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Too Much Holiday 'Cheer'

Patch columnist Christine Wolf writes about her experience with an alcoholic parent in hopes that it will help other families struggling with addiction — especially during the holidays.

If you know someone who struggles with substance abuse, you know that this time of year presents excruciating challenges for those trying to manage their addictive behaviors. According to The Pat Moore Foundation, an alcohol and drug treatment center, the period from Thanksgiving to New Year's often results in increased drug and alcohol abuse, as addicts try to ignore their condition in order to participate in family gatherings and other festivities.

I speak from firsthand knowledge. My biological father was an alcoholic.

Growing up, I preferred my happy, jovial, light-hearted father with a cocktail in his hand, playing loud music and wobbling as he carried items to the table...until I came to understand “the pattern”: inevitably, and within hours, I’d watch his buoyant personality sink into the depths of a belligerent, self-righteous, close-talking, slur-fest, often ending in tears — sometimes his, but more frequently those of the people around him — the twinkle in his beautiful blue eyes lost under his droopy lids.

I severed my relationship with him in 1991. I was 23 years old. He’d lost too many jobs, made too many excuses, been arrested too many times, and made too many accusations that others were responsible for his destructive behavior.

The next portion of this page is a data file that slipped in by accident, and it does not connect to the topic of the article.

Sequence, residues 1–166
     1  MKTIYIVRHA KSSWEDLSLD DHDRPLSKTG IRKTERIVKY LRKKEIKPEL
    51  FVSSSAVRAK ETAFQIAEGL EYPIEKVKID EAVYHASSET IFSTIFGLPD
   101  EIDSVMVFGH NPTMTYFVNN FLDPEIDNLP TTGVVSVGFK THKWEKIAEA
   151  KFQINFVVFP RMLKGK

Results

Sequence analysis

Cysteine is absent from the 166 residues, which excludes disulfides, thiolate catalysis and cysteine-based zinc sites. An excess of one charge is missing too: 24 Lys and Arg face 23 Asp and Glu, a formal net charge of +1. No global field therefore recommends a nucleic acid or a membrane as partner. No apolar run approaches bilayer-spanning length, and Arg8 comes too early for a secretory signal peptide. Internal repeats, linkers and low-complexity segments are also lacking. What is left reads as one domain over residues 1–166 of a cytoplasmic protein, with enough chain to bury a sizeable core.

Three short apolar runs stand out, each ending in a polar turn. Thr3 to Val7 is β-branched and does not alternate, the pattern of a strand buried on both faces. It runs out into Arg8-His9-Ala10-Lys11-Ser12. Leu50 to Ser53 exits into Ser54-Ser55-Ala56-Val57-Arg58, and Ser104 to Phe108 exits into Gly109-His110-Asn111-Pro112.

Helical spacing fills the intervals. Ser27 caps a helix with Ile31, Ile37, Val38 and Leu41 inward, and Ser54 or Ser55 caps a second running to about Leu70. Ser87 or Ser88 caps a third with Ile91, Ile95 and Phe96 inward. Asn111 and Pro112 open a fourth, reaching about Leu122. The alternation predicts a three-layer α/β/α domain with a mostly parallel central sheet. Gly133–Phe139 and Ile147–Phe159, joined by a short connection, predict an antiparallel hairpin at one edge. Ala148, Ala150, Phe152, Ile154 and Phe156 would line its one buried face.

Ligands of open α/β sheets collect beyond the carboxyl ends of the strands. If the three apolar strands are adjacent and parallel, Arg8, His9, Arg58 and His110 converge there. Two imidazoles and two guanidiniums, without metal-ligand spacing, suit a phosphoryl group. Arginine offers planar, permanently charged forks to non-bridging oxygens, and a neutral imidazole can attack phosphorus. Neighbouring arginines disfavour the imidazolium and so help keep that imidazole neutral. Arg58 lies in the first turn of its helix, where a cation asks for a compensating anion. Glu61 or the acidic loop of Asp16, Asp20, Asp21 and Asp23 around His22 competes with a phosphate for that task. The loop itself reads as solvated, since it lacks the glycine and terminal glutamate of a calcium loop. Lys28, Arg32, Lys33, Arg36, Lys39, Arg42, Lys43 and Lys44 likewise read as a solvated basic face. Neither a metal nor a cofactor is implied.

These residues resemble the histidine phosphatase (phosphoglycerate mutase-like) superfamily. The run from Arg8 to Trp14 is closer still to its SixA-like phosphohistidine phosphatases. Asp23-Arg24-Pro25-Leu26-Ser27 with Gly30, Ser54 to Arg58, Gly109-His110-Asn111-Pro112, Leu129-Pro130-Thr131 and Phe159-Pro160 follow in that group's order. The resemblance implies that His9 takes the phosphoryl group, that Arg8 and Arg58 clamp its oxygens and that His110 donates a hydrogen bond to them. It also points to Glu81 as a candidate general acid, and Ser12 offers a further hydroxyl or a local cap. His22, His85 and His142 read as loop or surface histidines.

In the weeks before I was to be married, he called me from jail, begging me to bail him out. One of the hardest things I’ve ever done in my life was letting go of my alcoholic father. It ended up being one of the healthiest things I’ve ever done.  I chose not to bail him out.

Days later, he called me…or I called him. I can no longer remember…

“I am about to start a brand new life with a man that I love,” I’d said.  I was terrified he’d show up to the wedding, unannounced, embarrassing himself and ruining the day for everyone.

I thanked him for bringing me into the world. And then I said goodbye.

I’d tried too many times to encourage him to get help. We all did. But the reality is, he never believed he had a problem. That, in itself, was his greatest downfall.  He died in 2010 of esophageal cancer, alone in a nursing home after three failed marriages. The only person by his side was a priest.

According to my father's Cook County, Illinois, death certificate, he had never been married and he had no children.

This is what denial looks like. This is what denial turns into. And this is why I have written about it.

If you suspect someone in your life might be struggling with addiction, you’re certainly not alone. There are so many places to turn for help.

And if you’re the one who’s struggling, believe me when I say: your loved ones spotlight your problem because they love you. Please listen to them before they feel no other choice but to say, "Goodbye."

For those struggling with drug or alcohol addiction, here are some resources to turn to:

Procrustes' Foil December 11, 2012 at 10:34 AM
Dear Christine, your story is a heartbreaking- and -all- too- familiar one. And depression often complicates holiday drinking. Saying "no" is sometimes the best response to troubled loved ones in denial. Experience truly does teach us valuable lessons.

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